Happy Anniversary!” began the email I received from my Internet Service Provider. “Today, you’ve been with WorldLink for another year and we’re proud to have you.”
Ah, they remembered. I felt all gushy inside. Admittedly, we’ve had rocky times – such as the hours I’ve spent being told that our conversation might be recorded for quality purposes. Or the times I’ve been unable to log on because of technical reasons. But when you’re in a committed relationship, you just make it work.

Usually when I get an anniversary card, I shake the check out and then I look to see how much the card cost, but since neither can be done with email, I was hoping for a free offer.

“On your anniversary,” began their letter, “we’d appreciate your help in making sure that our customer information for you is up-to-date. Can you spare a couple of minutes?”

No gift! Just more demands! This relationship was looking too much like a one-way street. Their questions just spawned my own questions. What kind of relationship had this been if they weren’t sure where I lived? How happy could we have been if they weren’t sure of my name?

But, I understand. Anniversaries can be difficult. Some people find them hard because they can’t think of an appropriate gift while others can’t bear the hurtful memories they bring. But an anniversary where someone is unable to remember anything whatsoever can be especially difficult.

“Chaplain, I need you to talk to a patient,” the nurse began, her voice stuttering with ambiguity. The patient was having trouble recalling a basic fact about her husband with whom she shared 52 anniversaries. The nurse blurted past her hesitation, “Her husband died.”

“Oh, I’m sorry. When did he die?”

“Well, his death isn’t so much the problem. The problem is that he died last month, but she’s forgotten. When reminded of his death, she experiences the pain afresh.”

“Come again?” I too am approaching the age where some spouses are known to forget their loved one in a supermarket, but forgetting their spouse in a casket was a problem on a different level.

“She suffers from dementia,” she said, navigating a difficult explanation. “Last month, she grieved the loss of her husband, but now, five weeks later, she has forgotten his death.”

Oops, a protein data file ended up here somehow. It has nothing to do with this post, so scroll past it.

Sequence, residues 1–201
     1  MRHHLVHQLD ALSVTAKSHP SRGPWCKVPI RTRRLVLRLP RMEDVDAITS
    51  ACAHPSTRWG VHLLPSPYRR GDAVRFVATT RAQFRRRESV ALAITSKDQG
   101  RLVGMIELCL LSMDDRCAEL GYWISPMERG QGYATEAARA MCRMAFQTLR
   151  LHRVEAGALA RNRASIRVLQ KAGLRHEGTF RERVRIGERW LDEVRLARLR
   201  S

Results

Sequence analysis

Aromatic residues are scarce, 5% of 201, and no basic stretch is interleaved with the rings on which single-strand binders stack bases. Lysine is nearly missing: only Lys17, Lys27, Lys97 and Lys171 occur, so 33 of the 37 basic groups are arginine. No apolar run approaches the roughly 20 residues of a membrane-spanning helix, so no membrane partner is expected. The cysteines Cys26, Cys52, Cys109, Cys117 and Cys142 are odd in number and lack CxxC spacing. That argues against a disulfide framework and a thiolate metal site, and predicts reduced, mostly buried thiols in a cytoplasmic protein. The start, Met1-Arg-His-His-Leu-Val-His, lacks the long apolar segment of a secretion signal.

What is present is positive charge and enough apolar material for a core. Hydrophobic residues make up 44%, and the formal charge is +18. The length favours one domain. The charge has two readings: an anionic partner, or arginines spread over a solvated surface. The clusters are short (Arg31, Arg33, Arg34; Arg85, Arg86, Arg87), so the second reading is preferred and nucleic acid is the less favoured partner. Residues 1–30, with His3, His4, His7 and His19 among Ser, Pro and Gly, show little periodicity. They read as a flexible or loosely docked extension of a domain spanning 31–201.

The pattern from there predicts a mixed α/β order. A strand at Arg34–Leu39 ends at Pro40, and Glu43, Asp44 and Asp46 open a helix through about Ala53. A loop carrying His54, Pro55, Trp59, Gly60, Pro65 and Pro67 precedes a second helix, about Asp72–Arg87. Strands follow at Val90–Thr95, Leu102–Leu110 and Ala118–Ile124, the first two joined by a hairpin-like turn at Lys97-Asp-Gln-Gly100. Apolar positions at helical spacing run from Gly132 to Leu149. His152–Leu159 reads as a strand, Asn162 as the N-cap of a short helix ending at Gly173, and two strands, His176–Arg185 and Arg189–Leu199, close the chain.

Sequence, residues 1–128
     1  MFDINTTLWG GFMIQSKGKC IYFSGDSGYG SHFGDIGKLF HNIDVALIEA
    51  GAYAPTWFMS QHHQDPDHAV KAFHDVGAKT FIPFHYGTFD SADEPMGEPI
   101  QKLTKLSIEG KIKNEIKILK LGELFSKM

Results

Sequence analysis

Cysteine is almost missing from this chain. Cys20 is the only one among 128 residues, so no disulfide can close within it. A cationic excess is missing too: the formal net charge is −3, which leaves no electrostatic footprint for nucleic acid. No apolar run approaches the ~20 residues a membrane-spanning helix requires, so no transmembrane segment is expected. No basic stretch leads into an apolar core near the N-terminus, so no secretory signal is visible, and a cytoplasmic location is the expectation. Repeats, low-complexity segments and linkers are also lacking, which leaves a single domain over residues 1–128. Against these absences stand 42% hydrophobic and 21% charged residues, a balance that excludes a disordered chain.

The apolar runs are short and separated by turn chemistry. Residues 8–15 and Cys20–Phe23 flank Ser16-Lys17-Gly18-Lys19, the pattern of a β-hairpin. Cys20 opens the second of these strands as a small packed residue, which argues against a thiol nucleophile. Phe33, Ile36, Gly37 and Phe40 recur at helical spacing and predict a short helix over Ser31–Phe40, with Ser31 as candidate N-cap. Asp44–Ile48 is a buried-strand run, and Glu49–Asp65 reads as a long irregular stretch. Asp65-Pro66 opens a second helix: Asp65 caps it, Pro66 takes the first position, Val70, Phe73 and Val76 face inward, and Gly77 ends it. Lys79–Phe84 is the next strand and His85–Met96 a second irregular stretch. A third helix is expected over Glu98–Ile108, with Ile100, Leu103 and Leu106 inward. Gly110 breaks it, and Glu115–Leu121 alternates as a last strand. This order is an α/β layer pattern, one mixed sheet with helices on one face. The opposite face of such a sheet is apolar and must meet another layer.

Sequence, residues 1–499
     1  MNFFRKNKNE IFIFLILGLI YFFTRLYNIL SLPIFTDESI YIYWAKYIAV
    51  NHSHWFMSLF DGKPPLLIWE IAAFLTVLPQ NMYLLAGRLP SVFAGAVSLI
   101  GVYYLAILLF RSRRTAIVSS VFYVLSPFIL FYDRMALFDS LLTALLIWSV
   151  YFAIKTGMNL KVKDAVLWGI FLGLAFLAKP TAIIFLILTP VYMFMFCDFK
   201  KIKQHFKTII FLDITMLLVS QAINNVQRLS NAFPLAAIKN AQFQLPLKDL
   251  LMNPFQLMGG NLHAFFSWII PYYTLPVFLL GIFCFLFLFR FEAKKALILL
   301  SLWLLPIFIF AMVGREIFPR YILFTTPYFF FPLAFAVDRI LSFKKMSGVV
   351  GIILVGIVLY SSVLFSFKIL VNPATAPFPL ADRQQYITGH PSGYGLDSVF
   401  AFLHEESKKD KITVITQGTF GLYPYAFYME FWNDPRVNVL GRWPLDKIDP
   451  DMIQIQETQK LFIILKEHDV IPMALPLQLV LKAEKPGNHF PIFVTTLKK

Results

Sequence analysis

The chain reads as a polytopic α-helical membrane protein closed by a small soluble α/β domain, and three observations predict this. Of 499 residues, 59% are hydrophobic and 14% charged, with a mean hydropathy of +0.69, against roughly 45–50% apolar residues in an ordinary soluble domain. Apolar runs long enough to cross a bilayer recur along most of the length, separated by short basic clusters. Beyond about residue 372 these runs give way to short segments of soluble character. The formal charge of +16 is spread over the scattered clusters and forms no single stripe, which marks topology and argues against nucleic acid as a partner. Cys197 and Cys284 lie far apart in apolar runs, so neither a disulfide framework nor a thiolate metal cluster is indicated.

Make sense?

“Uh huh,” I nodded, “but not really.”

Just as predicted, when we both approached the patient with the news, she listened as if hearing it for the first time. We tried to explain that she had forgotten, but she just became more distressed as she wondered how she could have forgotten the death of one she loved so long.

Then the fear that she had forgotten gave way to the second fear. She realized that if she had forgotten he died, then, logically, she must have missed his funeral.

“How could I have missed it?” she asked. “We were married 52 years and I didn’t even go to his funeral.”

“Yes, you were there,” we assured her.

“No, I couldn’t have been there,” she argued. “How could I have forgotten to bury him? Surely my kids would have told me. I don’t think they know, do you? I have to go home and tell them.”

The two conclusions were trains barreling down on each from opposite ends of the track. She hated remembering that horrible day when the love stopped, yet she was stricken with the impact of having forgotten the love. “If I had truly loved him,” she explained, “I’d have remembered.”

We all find ourselves in a similar predicament as we approach the anniversary of an event that we too would like to forget. We loved our pre 9/11 life so much, that remembering is too painful. Yet, the more we force the amnesia, the darker our world becomes.

I frequently tell grieving people that the first year of loss will be the toughest as they face a year of first anniversaries. It will be the first birthday, Valentine Day, Christmas, and birthday that they will celebrate without their loved one – lots of first times.

In our national grief, we too have dreaded the holidays of this past year. With the approach of Christmas, New Years, and Independence Day, we braced ourselves for more terror as fear competed to become our new reality.

It was the first time we saw fighter jets protecting national monuments or flack-jacketed soldiers at our airports and it is certainly the first time this generation has ever spun a national grievance story into a collective hate for the face of one man.

There is a humiliating pain that exists from 11 Sept that will not go away simply by trying to forget it or by railing against how “this whole anniversary thing is being overdone.” The guilt that comes from wanting to forget will collide with the debt we owe to the heroes and survivors.

Like this woman in my story, the pain that comes with the guilt of forgetting will far surpass the pain we will feel from remembering. And like this woman who went looking for the phone to call and tell her children afresh of her loss, so we too must embrace our pain long enough so we do not forget to keep telling the story.